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Steve Spence

“like fragile clay” by Sarah Cave, pub. Guillemot Press. 60pp. £9.00

Sarah Cave is a relatively new name to me and I first heard her read her work at the Tears in the Fence Poetry Festival a couple of years back where she entranced the whole room. I’m at a slight disadvantage reviewing this collection as I can’t profess to have been a great follower of the Moomins, (either via the Swedish books or the tv adaptation) who live in Moomin valley after the flood. Sarah Cave’s book is based around these creatures, a mix of fandom, lightly touched on theological concerns and a mix of lyrical adeptness plus an awareness of modernist techniques which blends into a thoroughly good read. I’m reminded slightly here of J. R. Carpenter’s recent publication, An Ocean of Static, where mythology and ‘children’s literature’ is adapted alongside a raft of vocabularies and disciplines to produce an overall text which is both an entertainment and a serious proposition. I’m also bringing to mind Christina Rossetti’s poetry, particularly Goblin Market, with its mix of ‘grown-up’ and ‘childlike’ (innocence and experience?) which underlines my instinct that this is a very accomplished book by a young writer who manages to combine sophistication and learning with a sense of wonder, emotional perception and sheer exuberance. There are several very bold illustrations in colour and b & w by C F Sherratt which aid the book’s presentation and the pink cover with very small black type and a hint of line drawing is imaginative and somewhat brave.

From ‘I have Nothing…’  we have the following:

          After walking the streets preaching the end of days
          Moomin returns to the dark comfort of the underpass
          to warm himself by the coal embers.

          Moomin’s sandwich board reads ‘the end is nigh’ and ‘ye shall be
          cleansed.’ He shudders in the cold and pulls his bin liner coat,
          shredded like crow’s feather’s, closer.

          This solitude is welcome after the day’s harshness;
          the neon signs over Broadway, the traffic metres, strip lights
          and cats’ eyes, the cold blank register of the office workers

          unconcerned at the passing of the world into night
          or the cleansing of their bodies back to earth, they drop
          their coffee cups in a sea of Moomin’s troubles.

 

There’s an almost elegiac quality to this writing, where the protagonist, having left the valley (a somewhat Edenic location) is thrust into the harsh reality of the world and its misfortunes, a ‘seventeenth century’ street preacher, talking love and in praise of nature, yet alienated in an unfriendly environment which provides a commentary on the here and now in a manner which is eerily moving. If there’s a perceived dichotomy here between ‘country’ and ‘city’ then it’s one which is paralleled in the current ‘Brexit’ crisis though the complexities of that are far more wide-reaching than simple oppositions might suggest: ‘Before he left the valley, Mrs Fillyjonks stopped him by the lilac bushes / looked into his bloodshot eyes and called him wilderness.’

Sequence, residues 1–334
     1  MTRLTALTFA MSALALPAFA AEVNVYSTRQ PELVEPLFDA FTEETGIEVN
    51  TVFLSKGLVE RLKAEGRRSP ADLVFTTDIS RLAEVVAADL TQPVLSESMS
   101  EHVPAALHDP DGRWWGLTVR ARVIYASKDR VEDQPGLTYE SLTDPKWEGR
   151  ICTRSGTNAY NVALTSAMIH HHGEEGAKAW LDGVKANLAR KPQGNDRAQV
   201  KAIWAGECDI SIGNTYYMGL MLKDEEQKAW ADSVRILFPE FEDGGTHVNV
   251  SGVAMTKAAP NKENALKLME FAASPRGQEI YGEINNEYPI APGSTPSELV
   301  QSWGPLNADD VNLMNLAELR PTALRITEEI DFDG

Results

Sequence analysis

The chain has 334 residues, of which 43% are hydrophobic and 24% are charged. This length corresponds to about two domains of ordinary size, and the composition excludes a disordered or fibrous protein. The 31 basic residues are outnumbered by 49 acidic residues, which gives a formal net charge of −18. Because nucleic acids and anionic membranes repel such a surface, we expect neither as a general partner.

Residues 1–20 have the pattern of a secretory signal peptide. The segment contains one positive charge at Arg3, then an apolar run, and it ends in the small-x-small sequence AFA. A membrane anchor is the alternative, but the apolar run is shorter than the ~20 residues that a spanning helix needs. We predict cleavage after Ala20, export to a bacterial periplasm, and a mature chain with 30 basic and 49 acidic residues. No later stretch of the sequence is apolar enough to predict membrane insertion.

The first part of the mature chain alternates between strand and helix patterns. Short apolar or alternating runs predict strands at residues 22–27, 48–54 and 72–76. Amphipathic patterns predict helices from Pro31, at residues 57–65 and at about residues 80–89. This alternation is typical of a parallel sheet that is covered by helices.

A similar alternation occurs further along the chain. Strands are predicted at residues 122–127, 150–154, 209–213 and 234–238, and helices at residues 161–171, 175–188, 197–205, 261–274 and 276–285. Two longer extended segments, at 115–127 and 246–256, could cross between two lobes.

There’s a playful awareness of existing literatures exhibited throughout these poems, whether commenting on Oscar Wilde and William Morris in ‘Moomin’s Dream’, which also touches on ‘deconstruction’, or in the later quotations from Job (4.19) and the concluding snippet from Psalm36: ‘How precious is your unfailing love….’. The relation with visual art is also foregrounded via the colourful illustrations in the book itself, and the poem entitled ‘Moomin Visits the Rauschenberg Exhibition at the Tate Modern’ which situate these texts firmly in the modernist mode, despite the theological undercurrents by way of the biblical references and the quotation from C.S. Lewis. These are skilfully produced modern lyrics which combine a variety of formal shapes and adaptations with an underlying philosophical thrust which also mixes charm with compassion and a real sense of pathos, quite an achievement in such a short collection. ‘Moominvalley Annunciation (a tryptich)’, the penultimate poem here, embraces the natural world via the world of artifice in a parade of styles which fuses the lyric with the descriptive in what could almost be a secular hymn:

          2.

          In the lowest point of the valley,
          salt-wind against her face,
          stars above,
          the maiden watches
          and can barely speak.

          She is promised
          this moment everlasting,

          on the beach alone at night,

          and has promised
          her praise in return.

          The valley quivered,
          delight ruffling its arbours.

 

There’s a narrative of expectation and of new life emerging which combines the ‘spiritual’ with the down-to-earth and which includes both innocence and experience within its borders. This is an interesting debut from an accomplished young writer and I’m curious to see  where her work will go from here.

 


 

 
Copyright © Steve Spence, 2018